Darkness for dummies: differences between the Dark web and the Deep web
and get to know how dark it is
What are the differences between the Dark web and Deep web? If we compare the Internet to a city, we can distinguish different zones clearly. Just like a city, the Internet has secure zones and risky zones, fancy neighborhoods where you would like to live in and those areas where it´s better to not stop at night. Here we´ll explain to you how to distinguish between the visible and invisible Internet zones to surf safely.
There is a lot of confusion out there about what is dark web and deep web mostly due to the incorrect use that the media have made of both terms. First of all, it is necessary to take a look at Clearnet.
You probably haven't heard such a term before but, actually, it is the face of the internet that you use and see every day, in other words, it is the visible content or results that search engines like Google or Yahoo show you when you go searching.
You may think that most of the internet content is searchable through Google but, believe it or not, the Clearnet occupies just around 10% of the internet space. So, the general belief in Google as an infinite source of internet content is far away from reality.
Demystifying the Deep Web
The biggest confusion arises when people talk about the Deep Web as the web space where all kind of sites focused on illegal activities is located.
Even though the Deep Web can be a refuge for criminals, it also has a positive side, in fact, if a website is part of the Deep Web it doesn’t necessarily mean that it is illegal. A major part of the website´s content is located in the Deep Web but that content is not indexed by the search engines. So, you will probably not find any links to get there just by a quick search.
To put it clearly, let's take an example. If you try to find your Facebook timeline just by searching on Google, you probably won´t get shown any results. The reason is that a huge amount of the content on the internet has restricted access and cannot be tracked. We can also mention your e-mail inbox and those websites where the webmaster disallowed the indexation.
As you can see, the Deep Web is present in your most frequent activities online and it has nothing to do with a malefic zone full of cybercriminals.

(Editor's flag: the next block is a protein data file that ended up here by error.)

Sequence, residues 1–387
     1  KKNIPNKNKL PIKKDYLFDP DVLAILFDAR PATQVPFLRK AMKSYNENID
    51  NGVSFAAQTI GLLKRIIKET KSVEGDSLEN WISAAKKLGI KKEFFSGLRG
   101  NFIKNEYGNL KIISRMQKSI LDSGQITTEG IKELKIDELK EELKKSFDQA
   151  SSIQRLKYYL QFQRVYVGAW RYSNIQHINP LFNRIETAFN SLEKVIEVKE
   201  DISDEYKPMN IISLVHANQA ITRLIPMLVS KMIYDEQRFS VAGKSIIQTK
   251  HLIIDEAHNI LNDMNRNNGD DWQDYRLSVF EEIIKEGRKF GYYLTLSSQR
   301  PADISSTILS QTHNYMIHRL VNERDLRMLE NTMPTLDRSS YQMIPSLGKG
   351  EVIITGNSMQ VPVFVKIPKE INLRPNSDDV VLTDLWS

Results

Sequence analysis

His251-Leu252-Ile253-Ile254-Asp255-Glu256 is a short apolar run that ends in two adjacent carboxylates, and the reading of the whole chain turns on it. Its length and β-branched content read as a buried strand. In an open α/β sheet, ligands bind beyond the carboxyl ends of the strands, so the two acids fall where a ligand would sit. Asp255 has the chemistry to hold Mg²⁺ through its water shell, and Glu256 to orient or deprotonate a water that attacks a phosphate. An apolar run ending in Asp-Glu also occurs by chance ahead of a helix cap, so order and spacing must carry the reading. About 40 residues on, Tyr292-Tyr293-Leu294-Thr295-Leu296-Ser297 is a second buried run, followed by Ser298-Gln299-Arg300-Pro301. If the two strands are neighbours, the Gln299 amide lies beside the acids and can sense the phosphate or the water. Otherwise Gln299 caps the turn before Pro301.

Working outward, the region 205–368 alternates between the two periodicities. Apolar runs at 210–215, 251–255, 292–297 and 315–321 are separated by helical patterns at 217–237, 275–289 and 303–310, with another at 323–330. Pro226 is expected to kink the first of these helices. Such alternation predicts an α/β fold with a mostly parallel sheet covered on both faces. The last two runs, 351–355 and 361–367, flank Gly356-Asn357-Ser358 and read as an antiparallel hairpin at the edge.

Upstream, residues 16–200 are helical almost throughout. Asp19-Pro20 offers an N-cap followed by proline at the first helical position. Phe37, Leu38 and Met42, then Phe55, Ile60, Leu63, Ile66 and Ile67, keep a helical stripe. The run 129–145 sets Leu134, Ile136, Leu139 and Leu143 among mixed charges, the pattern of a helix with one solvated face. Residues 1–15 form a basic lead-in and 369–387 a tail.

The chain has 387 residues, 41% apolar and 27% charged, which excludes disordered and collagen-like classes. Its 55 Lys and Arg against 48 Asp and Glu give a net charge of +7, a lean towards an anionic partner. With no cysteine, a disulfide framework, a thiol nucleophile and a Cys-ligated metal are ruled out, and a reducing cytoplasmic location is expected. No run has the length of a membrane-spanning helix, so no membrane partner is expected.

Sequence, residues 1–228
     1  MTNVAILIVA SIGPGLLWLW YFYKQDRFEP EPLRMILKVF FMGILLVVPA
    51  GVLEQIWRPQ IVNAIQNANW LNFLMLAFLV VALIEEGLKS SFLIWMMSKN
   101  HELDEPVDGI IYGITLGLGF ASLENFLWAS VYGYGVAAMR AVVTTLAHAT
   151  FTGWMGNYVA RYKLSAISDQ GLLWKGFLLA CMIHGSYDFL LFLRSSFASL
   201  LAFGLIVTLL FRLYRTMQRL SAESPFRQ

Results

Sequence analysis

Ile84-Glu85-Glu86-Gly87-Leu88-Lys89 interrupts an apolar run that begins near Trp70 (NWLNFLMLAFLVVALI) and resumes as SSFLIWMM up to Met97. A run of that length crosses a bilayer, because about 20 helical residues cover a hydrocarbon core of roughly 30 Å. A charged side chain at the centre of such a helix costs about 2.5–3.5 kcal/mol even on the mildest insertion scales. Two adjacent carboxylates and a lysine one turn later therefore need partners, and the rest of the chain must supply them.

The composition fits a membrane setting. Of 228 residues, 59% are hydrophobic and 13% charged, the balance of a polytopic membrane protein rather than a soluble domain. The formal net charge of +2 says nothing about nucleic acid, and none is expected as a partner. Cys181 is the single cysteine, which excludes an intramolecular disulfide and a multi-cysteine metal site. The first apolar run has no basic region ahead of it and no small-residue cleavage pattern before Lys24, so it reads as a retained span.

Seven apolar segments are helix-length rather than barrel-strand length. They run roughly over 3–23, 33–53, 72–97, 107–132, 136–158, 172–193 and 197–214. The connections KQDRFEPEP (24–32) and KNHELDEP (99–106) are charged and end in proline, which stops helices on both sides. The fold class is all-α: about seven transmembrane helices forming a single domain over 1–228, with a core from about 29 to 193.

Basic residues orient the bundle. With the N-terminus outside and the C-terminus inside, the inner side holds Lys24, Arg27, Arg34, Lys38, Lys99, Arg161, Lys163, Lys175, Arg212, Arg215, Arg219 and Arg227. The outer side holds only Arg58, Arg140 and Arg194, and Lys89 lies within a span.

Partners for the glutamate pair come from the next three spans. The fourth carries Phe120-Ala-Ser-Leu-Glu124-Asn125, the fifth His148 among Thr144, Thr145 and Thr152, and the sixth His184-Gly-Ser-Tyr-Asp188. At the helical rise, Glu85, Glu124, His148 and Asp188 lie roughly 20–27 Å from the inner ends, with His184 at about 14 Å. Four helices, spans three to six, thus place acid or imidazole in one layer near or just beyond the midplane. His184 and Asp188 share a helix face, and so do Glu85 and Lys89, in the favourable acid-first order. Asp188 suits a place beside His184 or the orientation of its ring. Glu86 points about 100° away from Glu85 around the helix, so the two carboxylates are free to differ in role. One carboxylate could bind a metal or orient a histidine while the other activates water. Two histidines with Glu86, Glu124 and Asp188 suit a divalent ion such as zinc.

7 Facts about the Deep Web
The existence of Deep Web is due to the inability of search engines to index all Internet content. Search engines can access only 16% of the available information on the Internet.
A part of the Deep Web is used by scientific institutions that belong to what is called the Invisible Academic Web that stores non-public scientific research.
Most domains located in the Deep Web use .onion and .i2p extensions.
In 2010, the information deposited in Deep Web was estimated at 7500 TB. The content hosted on Deep Web is 500 times greater than Clearnet and has more than 200,000 websites.
The Bitcoin is the main currency used in the Deep Web.
The Deep Web concept was created by the company Bright Planet. The Deep web is also known as Under-net.
Into the Dark Web, you can find disturbing services and topics such as buying spirits of dead children or hitmen hiring.
Diving into the Dark Web?
When we talk about the Dark Web, things get a little bit darker or maybe not so much. First of all, we must mention that the Dark Web is a small portion of the Deep Web (0.1%) that is hidden and cannot be accessed with conventional browsers such as Chrome, Safari or Firefox.
To access the Dark Web, it is often necessary to use non-standard communication protocols and ports. To jump into the Dark Web you must use programs like Tor which are capable to connect to the structure of darknets that are part of the Dark Web. Since most of the content in the Dark Web is hidden intentionally and difficult to track, it is very uncommon to find websites with illegal content.
4 security tips to explore the Dark Web
1. Use a VPN to not be tracked. Using Tor is a good way to surf anonymously.
2. Do not download any files. Usually, many files in this environment contain malware.
3. Turn on the firewall and update your antivirus before jumping into the Dark Web.
4. Cover or disconnect your webcam. You never know if you are being spied upon.
Anyway, this does not mean that all the websites in the Dark Web are illegal. Actually, Facebook has its own version in the Dark Web: www.facebookcorewwwi.onion with more than 1 million users. The popular and controversial Wikileaks is another website living in the Dark Web.
Besides the differences between the Dark Web and the Deep Web, they share some similitudes regarding the type of content which makes them inaccessible for search engines. Check out some of them:
|Dynamic content||Dynamic websites that use forms for filtering the access. i.e. captcha|
|Pages without Inbound links||These pages block the search engine robots and possible indexation.|
|No HTML content||Codified multimedia content or file formats that cannot be read by the search engines except programs like TOR.|
|Private web||All those websites where a password is needed to log in.|
|Contextual web||Web pages that vary according to the context using parameters such as client addresses or previous visits.|
Content types that you might find in the Deep Web
Although the myths about Deep Web continue to scare many Internet users, the truth is that, contradictorily, the websites probably could not provide privacy to their users without the hidden places of the Deep Web.